Bergstrom Shea Vineyard Pinot Noir 2006
Pinot Noir from Oregon
The Wine Advocate - "The 2006 Pinot Noir Shea Vineyard comes from one the Willamette Valley's most renowned terroirs. Deeper colored than its predecessors, it has a plummy, dark-fruited bouquet, with notes of violets and damp earth. Round and ripe, it offers up spicy black cherry and black raspberry flavors leading to a lengthy, fruit-filled finish. Give it two to three years to evolve and drink it from 2011 through 2020."
Wine Spectator - "Ripe, round and generous with its cherry and raspberry fruit, which sails smoothly over a bed of fine-grained tannins. The flavors persist impressively, picking up hints of spice and mineral notes on the finish."
International Wine Cellar - "Bright red color. Fresh strawberry and raspberry on the nose. Deeper cola and rooty sassafras qualities emerge with aeration and carry onto the palate. Bitter cherry and raspberry preserve flavors offer very good depth and juicy palate coverage. Finishes tangy, clean and long, with the bitter cherry element carrying through. 'I prefer Shea fruit in the cooler vintages like 2005,' Bergstrom said, as this normally early-ripening site benefits from steady maturation of skin and seed tannins. According to Bergstrom, there are 85 barrels of this wine, and the grapes come from five clonal blocks, 'which means that I can really craft a blend.'"
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Bergstrom Wines is a family-owned and operated artisan producer of Pinot Noir and Chardonnay which was started in 1999 by Dr. John and Karen Bergstrom, with the help of their son Josh Bergstrom and his wife Caroline. Josh is general manager, vineyard manager and winemaker and pulls his expertise from his education in Burgundy, France and his 14 years experience making wines in Oregon's Northern Willamette Valley. Bergstrom focuses on hand-crafting small lots of wines from their fice estate vineyards carefully chosen from fice of Oregon's six wine-growing appellations. All estate acreage is farmed biodynamically and all wines express the wonderful diversity of Oregon's many great terroirs. View all Bergstrom Wines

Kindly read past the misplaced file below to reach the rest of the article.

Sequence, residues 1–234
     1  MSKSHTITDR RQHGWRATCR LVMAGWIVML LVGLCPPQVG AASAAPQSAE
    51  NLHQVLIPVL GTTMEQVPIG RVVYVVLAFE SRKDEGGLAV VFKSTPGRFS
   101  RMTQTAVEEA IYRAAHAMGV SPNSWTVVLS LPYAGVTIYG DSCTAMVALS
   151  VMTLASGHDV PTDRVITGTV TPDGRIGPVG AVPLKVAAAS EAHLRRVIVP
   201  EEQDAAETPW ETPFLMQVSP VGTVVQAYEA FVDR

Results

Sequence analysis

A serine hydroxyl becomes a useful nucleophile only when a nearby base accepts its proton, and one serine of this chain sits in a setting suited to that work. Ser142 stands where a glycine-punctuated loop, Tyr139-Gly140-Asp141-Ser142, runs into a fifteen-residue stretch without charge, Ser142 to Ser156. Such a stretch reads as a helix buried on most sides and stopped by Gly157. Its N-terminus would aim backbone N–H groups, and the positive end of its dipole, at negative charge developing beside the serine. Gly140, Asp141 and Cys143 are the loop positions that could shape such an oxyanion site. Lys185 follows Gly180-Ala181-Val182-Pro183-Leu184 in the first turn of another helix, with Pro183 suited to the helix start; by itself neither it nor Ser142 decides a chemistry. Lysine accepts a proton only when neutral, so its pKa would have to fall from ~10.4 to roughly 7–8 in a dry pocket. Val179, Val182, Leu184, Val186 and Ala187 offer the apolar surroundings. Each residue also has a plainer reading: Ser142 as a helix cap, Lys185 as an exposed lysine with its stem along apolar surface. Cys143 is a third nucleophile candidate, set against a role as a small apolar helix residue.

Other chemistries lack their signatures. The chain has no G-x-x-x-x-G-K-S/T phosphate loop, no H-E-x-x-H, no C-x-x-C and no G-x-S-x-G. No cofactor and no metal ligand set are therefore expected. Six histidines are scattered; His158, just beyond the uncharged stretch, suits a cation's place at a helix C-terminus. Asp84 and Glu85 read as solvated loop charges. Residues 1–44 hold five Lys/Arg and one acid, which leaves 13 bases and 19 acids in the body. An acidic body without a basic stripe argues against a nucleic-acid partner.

About Other OregonView a map of Other Oregon wineries
Like many other states, Oregon itself is an AVA of note. An Oregon wine can simply state "Oregon" as its place of origin, which typically means the grapes came from multiple smaller AVAs within the state.
Beyond the main AVAs of Oregon, like Willamette Valley, Rogue and Umpqua, smaller regions are gaining ground. Some you may see on the label include:
Walla Walla Valley AVA– these are most often associated with Washington State, but technically they run over the state lines into Oregon. Most wineries only use a small fraction of grapes from the Oregon side in order to maintain a Washington State wine, but you may see some Oregon producers sourcing grapes from those small overlapping AVAs.
Southern Oregon AVA– encompassing the Rogue and Umpqua Valleys, this AVA is a large area where many producers are experimenting with Syrah.
About OregonOregon has long been an agricultural state, producing everything from hazelnuts to cattle. The Willamette Valley in particular is a fertile basin for all sorts of produce. Not quite pegged as a wine state, in 1965, a UC Davis graduate named David Lett decided that the Willamette's climate mirrored that of Burgundy in France. With that in mind, he decided to plant some Pinot Noir clones to see how they did. And a good gamble it was. The Willamette is now one of the only regions in the world to focus solely on Pinot Noir as its red variety. Also known for Chardonnay and Pinot Gris. The southern part of Oregon has been slower in delving into the world wine market, but has been making excellent strides with their Rhone style varietals, like Syrah and Grenache. There are also coastal regions producing promising wines.
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Alcohol By Volume GuideMost wine ranges from 10-16% alcohol by volume. Some varietals tend to have higher (for example Zinfandel and Cabernet Sauvignon) or lower alcohol levels (Pinot Noir and many white varietals), but there is always some variation from producer to producer. Some wine falls outside of this range, for instance Port weighs in closer to 20%, while Muscat and Riesling are usually a bit below 10%.
Wine Style Guide
Light & Fruity
- Red wines that are more fruit-forward and lighter in tannin and body.
Smooth & Supple
- Medium bodied reds that go down easy, with smooth tannins and supple fruit.
Earthy & Spicy
- Wines where earthy and/or spicy dominate the flavors – typically medium to full body.
Big & Bold
- Full bodied wines that have concentrated fruit and are higher in alcohol and/or tannins. Some need age.